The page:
4 questions on the fight over Obamacare and what happens next
When Republicans retook the House of Representatives, one of their first votes was to repeal Obamacare. The date was Jan. 19, 2011.
The vow to repeal echoed across four elections and drew roars of approval at rally after rally. Now, exactly six years and six months later, that cause hit a brick wall in the Senate. After four senators, each for their own reasons, declared they would not support the Republican health care plan, Majority Leader Mitch McConnell stated the blunt truth.
"It's pretty clear that there are not 50 Republicans, at the moment, to vote for a replacement for Obamacare," McConnell told reporters July 18 after a closed session with his colleagues.
How did we get here? What should we watch for next? Here’s what six experts from different backgrounds had to say.
Republicans won control of Congress and the White House, but on health care, they had never coalesced around any clear policy, said Tevi Troy with the American Health Policy Institute, a policy group representing large employers.
"While they agreed that they disliked Obamacare, they did not agree on what should replace it," Troy said.
One of the fundamental disagreements was which one of the many parts of the Affordable Care Act required the biggest fix. As the Senate bill took shape, the Medicaid program drove the deepest wedge into the Republican ranks. Studies vary, but at least half of all the insurance gains under Obamacare came through offering Medicaid to all poor adults. (Before the law, Medicaid was open to only poor people who were also elderly, disabled, young or pregnant.)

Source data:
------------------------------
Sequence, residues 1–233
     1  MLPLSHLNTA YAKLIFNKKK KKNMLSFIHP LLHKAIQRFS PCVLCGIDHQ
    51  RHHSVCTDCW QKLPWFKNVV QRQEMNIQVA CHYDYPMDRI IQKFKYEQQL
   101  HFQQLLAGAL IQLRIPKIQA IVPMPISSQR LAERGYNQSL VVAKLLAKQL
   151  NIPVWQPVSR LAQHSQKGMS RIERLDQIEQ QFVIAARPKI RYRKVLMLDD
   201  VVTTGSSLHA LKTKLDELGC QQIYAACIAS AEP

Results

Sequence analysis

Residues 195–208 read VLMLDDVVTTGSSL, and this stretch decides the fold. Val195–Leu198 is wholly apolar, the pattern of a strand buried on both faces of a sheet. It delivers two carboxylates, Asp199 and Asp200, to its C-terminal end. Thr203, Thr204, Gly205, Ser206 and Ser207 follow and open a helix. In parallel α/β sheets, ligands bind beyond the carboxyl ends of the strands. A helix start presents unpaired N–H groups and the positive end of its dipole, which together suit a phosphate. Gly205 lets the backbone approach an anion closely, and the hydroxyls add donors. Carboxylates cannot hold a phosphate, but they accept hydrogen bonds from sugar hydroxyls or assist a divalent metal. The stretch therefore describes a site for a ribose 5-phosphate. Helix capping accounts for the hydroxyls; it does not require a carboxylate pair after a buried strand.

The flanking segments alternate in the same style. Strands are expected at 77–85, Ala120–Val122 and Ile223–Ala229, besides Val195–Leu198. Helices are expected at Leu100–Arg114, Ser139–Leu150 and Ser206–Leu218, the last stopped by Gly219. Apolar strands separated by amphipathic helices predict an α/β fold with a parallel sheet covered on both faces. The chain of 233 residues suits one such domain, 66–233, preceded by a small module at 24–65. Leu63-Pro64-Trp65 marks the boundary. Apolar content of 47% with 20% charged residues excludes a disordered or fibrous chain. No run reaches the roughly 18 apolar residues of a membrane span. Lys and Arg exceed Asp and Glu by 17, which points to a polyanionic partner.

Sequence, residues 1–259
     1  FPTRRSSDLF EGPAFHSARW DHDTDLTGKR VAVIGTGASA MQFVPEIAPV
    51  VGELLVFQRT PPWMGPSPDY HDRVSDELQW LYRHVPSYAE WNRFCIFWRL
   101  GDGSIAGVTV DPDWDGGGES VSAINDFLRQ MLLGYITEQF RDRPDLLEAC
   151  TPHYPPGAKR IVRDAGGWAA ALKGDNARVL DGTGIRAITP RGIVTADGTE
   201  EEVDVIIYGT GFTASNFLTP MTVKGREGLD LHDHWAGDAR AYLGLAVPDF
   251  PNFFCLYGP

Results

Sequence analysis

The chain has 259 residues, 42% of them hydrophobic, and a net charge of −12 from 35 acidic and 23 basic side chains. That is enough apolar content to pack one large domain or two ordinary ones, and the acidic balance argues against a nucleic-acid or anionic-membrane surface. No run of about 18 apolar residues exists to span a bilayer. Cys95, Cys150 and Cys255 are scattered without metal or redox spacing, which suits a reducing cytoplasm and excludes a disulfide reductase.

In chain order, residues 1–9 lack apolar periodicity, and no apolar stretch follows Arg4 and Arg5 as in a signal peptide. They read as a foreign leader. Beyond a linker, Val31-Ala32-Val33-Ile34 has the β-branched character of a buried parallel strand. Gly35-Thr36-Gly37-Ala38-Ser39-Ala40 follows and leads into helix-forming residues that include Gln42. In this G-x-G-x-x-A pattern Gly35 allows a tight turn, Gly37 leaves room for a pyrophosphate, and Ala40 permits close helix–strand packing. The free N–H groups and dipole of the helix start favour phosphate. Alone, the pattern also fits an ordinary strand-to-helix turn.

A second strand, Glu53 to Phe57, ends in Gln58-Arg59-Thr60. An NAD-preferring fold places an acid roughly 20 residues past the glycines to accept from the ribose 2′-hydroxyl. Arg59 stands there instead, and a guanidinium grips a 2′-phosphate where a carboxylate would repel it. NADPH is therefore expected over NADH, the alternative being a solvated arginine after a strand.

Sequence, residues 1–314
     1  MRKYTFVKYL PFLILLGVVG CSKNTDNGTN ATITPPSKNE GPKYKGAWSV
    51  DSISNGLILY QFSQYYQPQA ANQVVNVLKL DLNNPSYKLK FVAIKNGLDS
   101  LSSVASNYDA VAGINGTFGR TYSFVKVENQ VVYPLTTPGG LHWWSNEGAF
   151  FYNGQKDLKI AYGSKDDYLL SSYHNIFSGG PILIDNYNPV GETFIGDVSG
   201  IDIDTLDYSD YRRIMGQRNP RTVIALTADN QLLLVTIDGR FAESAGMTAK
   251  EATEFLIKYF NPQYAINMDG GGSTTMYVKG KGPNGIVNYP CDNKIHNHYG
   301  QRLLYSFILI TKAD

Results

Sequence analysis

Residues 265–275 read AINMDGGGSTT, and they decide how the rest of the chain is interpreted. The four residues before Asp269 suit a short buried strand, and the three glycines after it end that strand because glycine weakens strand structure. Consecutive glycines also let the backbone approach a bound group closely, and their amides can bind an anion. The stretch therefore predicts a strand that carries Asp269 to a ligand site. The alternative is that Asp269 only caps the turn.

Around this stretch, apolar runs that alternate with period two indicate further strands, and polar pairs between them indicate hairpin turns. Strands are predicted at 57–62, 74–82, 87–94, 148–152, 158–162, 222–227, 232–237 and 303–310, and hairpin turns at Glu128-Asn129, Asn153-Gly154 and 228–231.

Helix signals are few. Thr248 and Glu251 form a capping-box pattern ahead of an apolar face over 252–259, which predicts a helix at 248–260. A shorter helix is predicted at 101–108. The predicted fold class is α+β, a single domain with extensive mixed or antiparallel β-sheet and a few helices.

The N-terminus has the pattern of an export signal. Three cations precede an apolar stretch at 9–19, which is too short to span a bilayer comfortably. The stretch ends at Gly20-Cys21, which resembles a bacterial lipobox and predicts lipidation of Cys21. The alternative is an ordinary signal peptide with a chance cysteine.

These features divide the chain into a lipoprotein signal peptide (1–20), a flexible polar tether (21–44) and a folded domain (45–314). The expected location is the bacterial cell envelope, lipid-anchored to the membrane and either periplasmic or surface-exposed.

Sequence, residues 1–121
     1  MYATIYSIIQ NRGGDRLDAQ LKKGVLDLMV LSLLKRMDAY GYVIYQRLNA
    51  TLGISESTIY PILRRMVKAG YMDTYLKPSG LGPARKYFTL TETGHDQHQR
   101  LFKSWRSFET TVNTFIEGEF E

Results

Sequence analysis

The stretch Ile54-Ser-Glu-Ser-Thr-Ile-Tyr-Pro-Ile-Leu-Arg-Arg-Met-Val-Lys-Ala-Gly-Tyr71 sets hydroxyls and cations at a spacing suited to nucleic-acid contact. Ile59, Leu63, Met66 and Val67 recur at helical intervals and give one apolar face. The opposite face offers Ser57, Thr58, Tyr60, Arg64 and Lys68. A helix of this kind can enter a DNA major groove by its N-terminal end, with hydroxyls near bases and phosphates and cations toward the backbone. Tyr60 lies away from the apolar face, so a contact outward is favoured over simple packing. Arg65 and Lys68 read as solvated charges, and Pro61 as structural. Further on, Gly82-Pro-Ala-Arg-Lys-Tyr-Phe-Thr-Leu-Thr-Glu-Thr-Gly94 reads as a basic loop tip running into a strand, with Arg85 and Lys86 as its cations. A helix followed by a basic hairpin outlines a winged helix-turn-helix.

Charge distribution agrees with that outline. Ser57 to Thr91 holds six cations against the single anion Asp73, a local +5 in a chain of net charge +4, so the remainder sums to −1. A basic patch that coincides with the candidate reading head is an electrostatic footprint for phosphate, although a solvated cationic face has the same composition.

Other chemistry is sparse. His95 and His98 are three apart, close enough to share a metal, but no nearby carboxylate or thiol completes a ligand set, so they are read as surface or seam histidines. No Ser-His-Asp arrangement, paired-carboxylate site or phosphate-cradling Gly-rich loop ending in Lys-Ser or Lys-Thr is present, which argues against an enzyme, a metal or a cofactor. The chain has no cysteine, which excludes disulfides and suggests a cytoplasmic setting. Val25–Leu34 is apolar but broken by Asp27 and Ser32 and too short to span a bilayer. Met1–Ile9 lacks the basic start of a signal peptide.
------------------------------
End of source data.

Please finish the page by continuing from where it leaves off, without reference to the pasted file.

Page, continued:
While 20 Republican senators from expansion states wanted to preserve coverage, the senators from the states that did not expand Medicaid (like Florida) were concerned with fairness and parity.
Senators from expansion states "wanted to keep theirs," said Joe Antos at the pro-market American Enterprise Institute. But "the ones from non-expansion states were saying, ‘Where’s mine?’ "
Antos said that was partly a fight over money, but the Medicaid arguments also reflected deeper fault lines in the party.
Those fault lines go back decades, agreed Robert Blendon, professor of health policy at Harvard University.
"Ever since President Ronald Reagan, there’s been a core belief in the GOP that the federal government should not play a major role in providing universal coverage," Blendon said. "Meanwhile, you had Republican governors and some senators who said that once you’ve given health insurance to 20 million people, you can’t just go back."